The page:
DCeased: Dead Planet #1
Written by Tom Taylor
Art by Trevor Hairsine, Gigi Baldassini, Stefano Gaudiano and Rain Beredo
Lettering by Saida Temofonte
Published by DC
'Rama Rating: 8 out of 10
Just when I thought I was out… they pull me back in.
That's not just the theme of Tom Taylor and Trevor Hairsine's DCeased: Dead Planet #1, but might also mirror the thoughts of a lot of readers picking up the fifth installment of this seemingly unstoppable undead franchise. While even I had expressed some concern about rigor mortis in DCeased's joints during its interstitial series Hope on World's End, Taylor digs deep to find some compelling hooks to give this zombie juggernaut a reason for being.
For the more genre-savvy among us, it'd be easy to express skepticism about DCeased: Dead Planet — not only have we seen team-ups starring new generations of Superman, Batman, and Wonder Woman before, but more importantly, why would these characters who barely survived the first series tempt fate by ever returning to this cursed planet of Anti-Life-infected metahumans?
Without spoiling too much of this series' big twist, Taylor elegantly lays out a perfect reason why — because heroes don't leave behind friends in need. He illustrates this through the lenses of several characters, but in particular, Taylor's counterpoints between new Superman Jon Kent and the reluctant Green Arrow work double-time by not only justifying the series as a whole, but making us feel something for these characters and their innate goodness, even in the face of almost hilariously bad odds. It's one thing to shout at a horror movie character not to run into the basement — but what happens when running into the basement is your job?
I'd also say that out of all the various DCeased spinoffs, Dead Planet feels like the most required reading following the original 2017 series. As such, Taylor does a great job at reestablishing everything we needed to know from the first series — namely, the Big Seven of the Justice League have all fallen to the Anti-Life Equation (complete with a few more specific nods to what happened to Superman, Cyborg, and Aquaman), while a ragtag team of heroes took what survivors they could to an alien world. But the twist at the end of the original DCeased adds an important wrinkle to the mix, one that Taylor uses to keep readers on their toes. It's a smart subversion of everything that’s gone on before, and further reinforces that no one is safe.(opens in new tab)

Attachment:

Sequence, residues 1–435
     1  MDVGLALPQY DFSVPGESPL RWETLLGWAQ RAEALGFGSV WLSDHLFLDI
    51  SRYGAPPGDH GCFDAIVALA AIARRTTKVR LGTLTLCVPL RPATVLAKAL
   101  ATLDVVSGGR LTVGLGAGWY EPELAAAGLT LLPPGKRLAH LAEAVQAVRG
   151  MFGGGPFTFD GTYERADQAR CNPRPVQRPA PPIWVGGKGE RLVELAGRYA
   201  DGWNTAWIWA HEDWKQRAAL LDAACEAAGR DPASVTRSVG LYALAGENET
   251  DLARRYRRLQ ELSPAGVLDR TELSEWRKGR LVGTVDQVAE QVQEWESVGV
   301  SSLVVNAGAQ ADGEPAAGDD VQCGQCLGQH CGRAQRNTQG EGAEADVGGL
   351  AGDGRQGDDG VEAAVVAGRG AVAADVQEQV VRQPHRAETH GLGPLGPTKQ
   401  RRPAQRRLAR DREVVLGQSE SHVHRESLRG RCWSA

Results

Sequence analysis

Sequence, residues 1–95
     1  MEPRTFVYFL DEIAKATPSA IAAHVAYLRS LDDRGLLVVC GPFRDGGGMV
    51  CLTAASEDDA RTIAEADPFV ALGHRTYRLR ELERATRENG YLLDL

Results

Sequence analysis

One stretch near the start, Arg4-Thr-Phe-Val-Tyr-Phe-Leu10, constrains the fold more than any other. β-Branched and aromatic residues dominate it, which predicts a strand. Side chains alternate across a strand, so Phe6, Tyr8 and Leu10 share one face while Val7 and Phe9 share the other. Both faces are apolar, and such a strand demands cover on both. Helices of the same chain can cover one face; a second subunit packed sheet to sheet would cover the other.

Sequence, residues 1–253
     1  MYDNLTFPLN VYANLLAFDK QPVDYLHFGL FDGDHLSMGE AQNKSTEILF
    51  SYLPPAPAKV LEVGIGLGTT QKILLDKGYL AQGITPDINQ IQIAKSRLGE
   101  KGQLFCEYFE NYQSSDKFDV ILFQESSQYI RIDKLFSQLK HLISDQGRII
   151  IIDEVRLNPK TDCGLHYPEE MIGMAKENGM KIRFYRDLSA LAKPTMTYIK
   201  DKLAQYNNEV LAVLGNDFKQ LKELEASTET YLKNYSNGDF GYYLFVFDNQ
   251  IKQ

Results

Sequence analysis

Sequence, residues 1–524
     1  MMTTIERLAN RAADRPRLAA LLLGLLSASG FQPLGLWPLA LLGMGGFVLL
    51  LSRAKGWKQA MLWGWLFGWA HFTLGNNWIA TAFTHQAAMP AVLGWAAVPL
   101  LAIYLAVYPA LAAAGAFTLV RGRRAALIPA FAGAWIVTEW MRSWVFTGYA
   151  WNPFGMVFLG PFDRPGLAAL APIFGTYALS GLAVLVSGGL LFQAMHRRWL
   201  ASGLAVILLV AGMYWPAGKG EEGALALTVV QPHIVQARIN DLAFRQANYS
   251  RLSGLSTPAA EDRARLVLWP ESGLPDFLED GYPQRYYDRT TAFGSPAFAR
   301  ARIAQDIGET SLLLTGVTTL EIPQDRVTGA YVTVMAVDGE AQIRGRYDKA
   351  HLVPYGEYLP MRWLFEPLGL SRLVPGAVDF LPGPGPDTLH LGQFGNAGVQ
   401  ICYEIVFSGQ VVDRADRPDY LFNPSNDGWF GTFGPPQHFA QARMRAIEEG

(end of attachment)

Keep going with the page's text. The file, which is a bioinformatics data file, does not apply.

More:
Original series artist Trevor Hairsine returns to DCeased: Dead Planet, and while we don't necessarily see a ton of the Anti-Life Infected in this issue, he’s able to really ratchet up the tension in an effective way. In particular, a scene where an unexpected character breaks through the Green Lantern quarantine zone is a pulse-pounding beat because of how Hairsine composes his panels — even the readers aren’t able to keep up with what's coming for them. His scratchy style also strikes that tricky balance between the clean superheroic style and the gory zombie storytelling that Taylor is playing with — in particular, Hairsine's best moments are the bursts of violence, whether it's a character being ambushed by zombies or another hero making an unexpected sacrifice for the greater good.
I'll be honest — I had thought time was running out for DCeased, and that Tom Taylor had finally run out of things to say about this horrific new world. But I'm delighted to say that Taylor and Hairsine proved me wrong, delivering a sequel that will engage you, surprise you, and will ultimately turn everything we know about this series on its head. If anything, I'd argue that DCeased: Dead Planet might even be better than the first series — but even if that turns out to be too early to make that case, I can definitely say I can't wait to see where this series goes next.